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By William H. Privett

Peaceful Genesee envisions a community free of violence of all forms, where all people treat each other with dignity and respect, and that develops ways to peacefully transform conflicts. Its partners include Genesee Community College, government, non-profits, the high school, faith leaders and individuals.

The collaborative is working to move from violence to hope in Genesee County, with 58,000 people and 3,300 documented instances of violence and disruption.

Peaceful Genesee has created a replicable process to develop America’s first “Community Commitment to Peaceful Living.” The four-part series at GCC includes: “Understanding the Root Causes of Violence,” “Non-traditional Approaches to Reduce Violence,” “De-Escalating Heightened Tensions” and “Developing the Commitment.” The series features Barry Gan, professor at St. Bonaventure University; Duke Duchscherer of the International Center for Nonviolent Communications; and Kit Miller, director of the Gandhi Institute. Local panels of experts provide their insights, and interactive workshops are incorporated into the program.

This “Community Commitment” will be especially important to employers, whose workforce can be distracted by domestic violence or alcohol or substance abuse, or who may be the victims of one offense or another.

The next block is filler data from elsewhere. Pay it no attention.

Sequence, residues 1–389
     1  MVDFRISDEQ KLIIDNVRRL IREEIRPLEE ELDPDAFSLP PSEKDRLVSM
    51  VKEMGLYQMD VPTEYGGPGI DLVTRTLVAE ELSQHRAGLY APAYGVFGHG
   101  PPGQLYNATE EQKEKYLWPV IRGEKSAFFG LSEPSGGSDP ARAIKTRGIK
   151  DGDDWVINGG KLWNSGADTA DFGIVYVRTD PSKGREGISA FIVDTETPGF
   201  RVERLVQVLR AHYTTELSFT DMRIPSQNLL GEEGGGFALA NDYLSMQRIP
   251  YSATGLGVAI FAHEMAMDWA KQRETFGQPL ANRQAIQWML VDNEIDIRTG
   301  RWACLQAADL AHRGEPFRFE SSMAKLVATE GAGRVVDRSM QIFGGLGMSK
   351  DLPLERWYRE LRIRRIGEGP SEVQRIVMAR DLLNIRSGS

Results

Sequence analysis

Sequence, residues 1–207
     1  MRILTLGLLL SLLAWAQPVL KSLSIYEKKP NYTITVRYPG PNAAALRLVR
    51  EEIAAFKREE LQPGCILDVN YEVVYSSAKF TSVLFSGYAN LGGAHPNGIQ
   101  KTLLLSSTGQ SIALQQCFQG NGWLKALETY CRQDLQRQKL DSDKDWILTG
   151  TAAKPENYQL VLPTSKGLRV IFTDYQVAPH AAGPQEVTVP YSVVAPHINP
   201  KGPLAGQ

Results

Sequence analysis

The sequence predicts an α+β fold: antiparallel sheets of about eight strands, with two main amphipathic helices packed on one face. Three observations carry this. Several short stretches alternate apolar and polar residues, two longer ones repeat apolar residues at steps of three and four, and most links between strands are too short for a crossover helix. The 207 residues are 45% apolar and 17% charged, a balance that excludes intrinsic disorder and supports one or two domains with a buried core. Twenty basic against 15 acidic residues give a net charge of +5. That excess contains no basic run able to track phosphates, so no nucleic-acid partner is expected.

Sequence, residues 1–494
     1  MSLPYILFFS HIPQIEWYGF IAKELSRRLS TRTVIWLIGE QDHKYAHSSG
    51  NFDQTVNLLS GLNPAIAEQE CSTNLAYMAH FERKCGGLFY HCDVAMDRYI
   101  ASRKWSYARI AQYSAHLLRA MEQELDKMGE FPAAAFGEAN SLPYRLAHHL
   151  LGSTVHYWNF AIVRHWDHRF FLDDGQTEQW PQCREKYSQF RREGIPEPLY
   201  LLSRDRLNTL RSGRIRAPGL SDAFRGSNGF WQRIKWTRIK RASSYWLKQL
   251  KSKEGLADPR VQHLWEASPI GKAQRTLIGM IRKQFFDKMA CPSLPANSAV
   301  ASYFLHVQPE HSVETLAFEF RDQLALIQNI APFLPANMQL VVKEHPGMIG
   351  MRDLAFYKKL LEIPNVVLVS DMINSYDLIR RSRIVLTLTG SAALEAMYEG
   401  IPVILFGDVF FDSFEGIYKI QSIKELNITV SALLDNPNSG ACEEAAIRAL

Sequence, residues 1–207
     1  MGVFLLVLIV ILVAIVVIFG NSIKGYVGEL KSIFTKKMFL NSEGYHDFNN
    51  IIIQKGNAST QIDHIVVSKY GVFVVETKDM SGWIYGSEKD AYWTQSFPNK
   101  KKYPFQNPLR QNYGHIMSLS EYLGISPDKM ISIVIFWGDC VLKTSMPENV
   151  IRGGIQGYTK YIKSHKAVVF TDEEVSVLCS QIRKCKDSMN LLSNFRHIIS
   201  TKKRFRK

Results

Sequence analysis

U.S. Attorney William Hochul and former Tonawanda Police Chief Samuel Palmeri, now with the U.S. Attorney’s Office, attended the second session. “I applaud Peaceful Genesee for continuing a community discussion as to how we can live our lives better in the workforce, community and in our homes,” said Hochul. “Because we in law enforcement cannot end violence by arrest and prosecution alone, such efforts are part of the collaboration needed to make our community a safer place.”

Gan called each individual to look inward at the causes of violence and disruption, the “intention to harm another.” Gan said, “Since we all harbor such intents, we prefer to focus on those who act on them most visibly, thereby ignoring the root causes, present in all of us.” He also quoted Mark Twain, “To do good is noble. To teach others to do good is just as noble and a lot easier.”

Creating the commitment at the fourth session, the community will be provided a checklist of steps to implement the commitment to peaceful living.

Everyone has a role in reducing violence and it will take skillful means to make progress, including skill-building programs at all levels, complementing school initiatives with programs like Alternatives to Violence and Nonviolent Communications, even beginning public meetings with two to three minutes of collective deep quiet to focus on the business of the moment.

William H. Privett of Pembroke is moderator of Peaceful Genesee.